A virtual open house was recently hosted by Alberta Biobord Corporation to further provide details about plans to develop a fuel pellet and medium density fibre board (MDF) plant near Stettler.
According to a release, “The company has signed a land purchase agreement on a full quarter-section situated in Stettler County that has excellent highway and railway access and is sufficient in size and layout to meet all development requirements.”
“Our vision statement is quite simple – ‘Alberta Biobord Corporation recognizes straw residues as a valuable resource that is currently under-utilized in Canada,” said George Clark, president and CEO of Alberta Biobord.
“And basically, what we recognize, is that straw truly is Alberta’s carbon advantage,” he continued.
“I also want to point out that although this is our first open house-type of engagement, we have all been engaging with local residents and councils, administrators and potential business partners for several months to bring our potential project plans forward.”
He also mentioned that one of his early meetings in town was with some staff from the Stettler Learning Centre.
“We went in there specifically to let them know that we are looking forward to working with them in helping to develop additional skillsets from under-employed area residents,” he explained.
”We will be putting out that information and working with them to ensure that any of their clients who are looking for skill upgrading will basically have a list of the employment opportunities as they are coming up well in advance. They can then position themselves to be good candidates for employment with us, whether that be in the construction phase or for permanent employment,” he explained.
Officials say interactions overall have been very positive as well, including with all levels of government.
“There has been this constant stream of information as we try to keep everybody engaged in the process, and in all aspects of what we are looking to complete. It’s all about ensuring that everybody in Stettler and area is comfortable with what we are up to, and are hopefully interacting very positively.”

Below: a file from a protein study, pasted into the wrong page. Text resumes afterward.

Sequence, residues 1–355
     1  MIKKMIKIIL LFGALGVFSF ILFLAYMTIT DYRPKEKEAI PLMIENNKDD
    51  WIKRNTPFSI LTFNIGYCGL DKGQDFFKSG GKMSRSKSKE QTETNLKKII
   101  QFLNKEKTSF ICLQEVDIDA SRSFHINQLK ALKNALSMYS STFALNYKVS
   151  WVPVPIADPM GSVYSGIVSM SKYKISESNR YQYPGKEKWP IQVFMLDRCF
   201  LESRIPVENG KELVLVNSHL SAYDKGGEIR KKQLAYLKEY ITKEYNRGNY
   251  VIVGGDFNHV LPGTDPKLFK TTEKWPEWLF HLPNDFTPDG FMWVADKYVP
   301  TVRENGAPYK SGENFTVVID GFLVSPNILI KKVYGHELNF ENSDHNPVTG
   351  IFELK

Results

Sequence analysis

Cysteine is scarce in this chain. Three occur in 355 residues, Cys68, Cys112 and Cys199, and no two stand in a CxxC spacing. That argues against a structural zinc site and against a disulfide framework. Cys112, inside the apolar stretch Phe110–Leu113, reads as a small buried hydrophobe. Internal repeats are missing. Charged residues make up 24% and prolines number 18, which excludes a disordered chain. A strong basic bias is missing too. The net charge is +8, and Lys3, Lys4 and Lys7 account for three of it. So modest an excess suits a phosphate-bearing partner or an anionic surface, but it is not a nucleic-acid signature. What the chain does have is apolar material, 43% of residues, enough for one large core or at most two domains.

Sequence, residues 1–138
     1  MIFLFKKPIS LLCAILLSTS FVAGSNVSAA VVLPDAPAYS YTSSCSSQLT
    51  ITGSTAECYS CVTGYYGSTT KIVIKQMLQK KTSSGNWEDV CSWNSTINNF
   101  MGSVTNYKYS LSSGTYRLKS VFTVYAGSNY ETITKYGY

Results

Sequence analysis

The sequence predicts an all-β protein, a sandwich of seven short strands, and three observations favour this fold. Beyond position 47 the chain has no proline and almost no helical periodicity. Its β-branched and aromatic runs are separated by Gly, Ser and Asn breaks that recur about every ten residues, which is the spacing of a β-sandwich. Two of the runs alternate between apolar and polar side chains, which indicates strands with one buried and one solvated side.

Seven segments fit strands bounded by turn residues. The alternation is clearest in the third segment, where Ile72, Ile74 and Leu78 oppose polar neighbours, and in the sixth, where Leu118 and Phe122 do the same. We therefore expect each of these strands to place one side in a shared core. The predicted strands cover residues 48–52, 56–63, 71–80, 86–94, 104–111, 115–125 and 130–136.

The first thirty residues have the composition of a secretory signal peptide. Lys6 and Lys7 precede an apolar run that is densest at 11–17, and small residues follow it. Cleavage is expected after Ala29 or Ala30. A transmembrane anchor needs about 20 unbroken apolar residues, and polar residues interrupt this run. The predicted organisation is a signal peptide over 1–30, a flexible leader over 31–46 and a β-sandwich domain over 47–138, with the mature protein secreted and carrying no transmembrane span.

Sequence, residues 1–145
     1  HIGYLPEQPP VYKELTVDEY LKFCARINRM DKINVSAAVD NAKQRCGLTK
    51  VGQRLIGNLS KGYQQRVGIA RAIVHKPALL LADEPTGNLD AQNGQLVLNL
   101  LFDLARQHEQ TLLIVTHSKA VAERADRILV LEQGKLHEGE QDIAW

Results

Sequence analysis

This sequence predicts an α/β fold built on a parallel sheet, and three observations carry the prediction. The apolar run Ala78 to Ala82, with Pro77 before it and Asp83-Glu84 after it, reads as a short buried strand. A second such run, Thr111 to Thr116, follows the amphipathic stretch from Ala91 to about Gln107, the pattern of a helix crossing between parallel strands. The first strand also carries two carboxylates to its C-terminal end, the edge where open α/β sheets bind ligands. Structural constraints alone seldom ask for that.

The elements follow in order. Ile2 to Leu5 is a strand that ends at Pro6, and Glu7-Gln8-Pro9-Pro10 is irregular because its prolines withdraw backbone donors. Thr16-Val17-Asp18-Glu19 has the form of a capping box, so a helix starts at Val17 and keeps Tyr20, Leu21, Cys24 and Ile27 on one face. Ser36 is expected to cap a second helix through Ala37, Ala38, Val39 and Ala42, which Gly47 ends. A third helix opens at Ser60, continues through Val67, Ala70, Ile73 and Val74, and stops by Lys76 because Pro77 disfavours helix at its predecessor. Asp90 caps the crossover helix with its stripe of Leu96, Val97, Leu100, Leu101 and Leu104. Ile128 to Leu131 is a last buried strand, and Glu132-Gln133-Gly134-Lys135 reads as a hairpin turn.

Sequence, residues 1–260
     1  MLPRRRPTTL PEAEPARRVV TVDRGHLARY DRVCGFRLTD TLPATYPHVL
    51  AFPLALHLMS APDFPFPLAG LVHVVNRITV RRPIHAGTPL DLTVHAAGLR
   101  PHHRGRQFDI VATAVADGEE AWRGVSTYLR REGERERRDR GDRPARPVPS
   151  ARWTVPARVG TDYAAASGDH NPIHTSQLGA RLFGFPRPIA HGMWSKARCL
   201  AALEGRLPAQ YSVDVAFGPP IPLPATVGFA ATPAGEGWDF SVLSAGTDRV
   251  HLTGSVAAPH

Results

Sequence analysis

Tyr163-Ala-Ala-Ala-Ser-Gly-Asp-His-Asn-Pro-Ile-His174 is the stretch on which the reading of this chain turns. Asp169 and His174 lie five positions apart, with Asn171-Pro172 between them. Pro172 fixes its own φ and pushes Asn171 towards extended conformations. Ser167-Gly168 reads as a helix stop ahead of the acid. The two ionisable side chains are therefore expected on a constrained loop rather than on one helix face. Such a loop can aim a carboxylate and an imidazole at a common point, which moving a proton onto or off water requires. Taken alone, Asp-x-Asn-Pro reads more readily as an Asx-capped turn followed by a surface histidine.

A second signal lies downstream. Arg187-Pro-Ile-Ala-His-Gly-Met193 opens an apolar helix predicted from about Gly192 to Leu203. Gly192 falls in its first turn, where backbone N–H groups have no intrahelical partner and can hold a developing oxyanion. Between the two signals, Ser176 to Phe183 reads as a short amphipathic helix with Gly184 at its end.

Lorne Murfitt, director and VP of community outreach, said it’s exciting to be bringing a project like this to the community.
“We have a highly-skilled workforce all around us – 176,000 people live within an hour of Stettler. It’s a great central spot for straw production in every direction, and we are also lucky to also have great railway and highway access.
“We have highways running north, south, east and west and we’ve chosen to proceed now because the market for fuel pellets continues to grow.”
According to a release, such a pellet mill facility can be designed, built and commissioned on a fast-track schedule, producing first pellets fall of 2021.
Hundreds of jobs are expected to be created directly and indirectly as the entire project takes shape. The County will also benefit from significant tax input, officials say.
“We also believe that these permanent jobs will attract new residents with housing needs, and give a nice boost to the town and county of Stettler and the surrounding area.”
Murfitt said the new site would be right along Hwy. 56 which will take a lot of traffic away from town.
“There will be less than 20 truckloads a day because of our custom trailers with high capacity,” he said. “Plus, we are going to use the access road – Range Road 392 – which will definitely limit any inconvenience for residents and Highway 56 traffic,” he said.
“Stettler is also a great area for people to live a good life, and I would like to point out that the dollar amounts shown in phase one, phase two and phase three are only part of the total investment,” he said.
“Having full transport loads is going to help us achieve a reach of straw acquisition that is larger than most would have anticipated,” Clark said.
A Stettler office was also recently opened and Clark said the feedback has been positive.
Earlier this year, Clark had explained how Stettler was proving to be an ideal place for the facility, what with a large base of workers for both construction and operation within a 45-minute radius of the community.
“The last thing I want to end up doing in any rural Alberta community is building a large factory facility which is literally bringing in a large outside workforce and ignoring the opportunities and the potential of local residents to transition into the job offers that we have at hand.”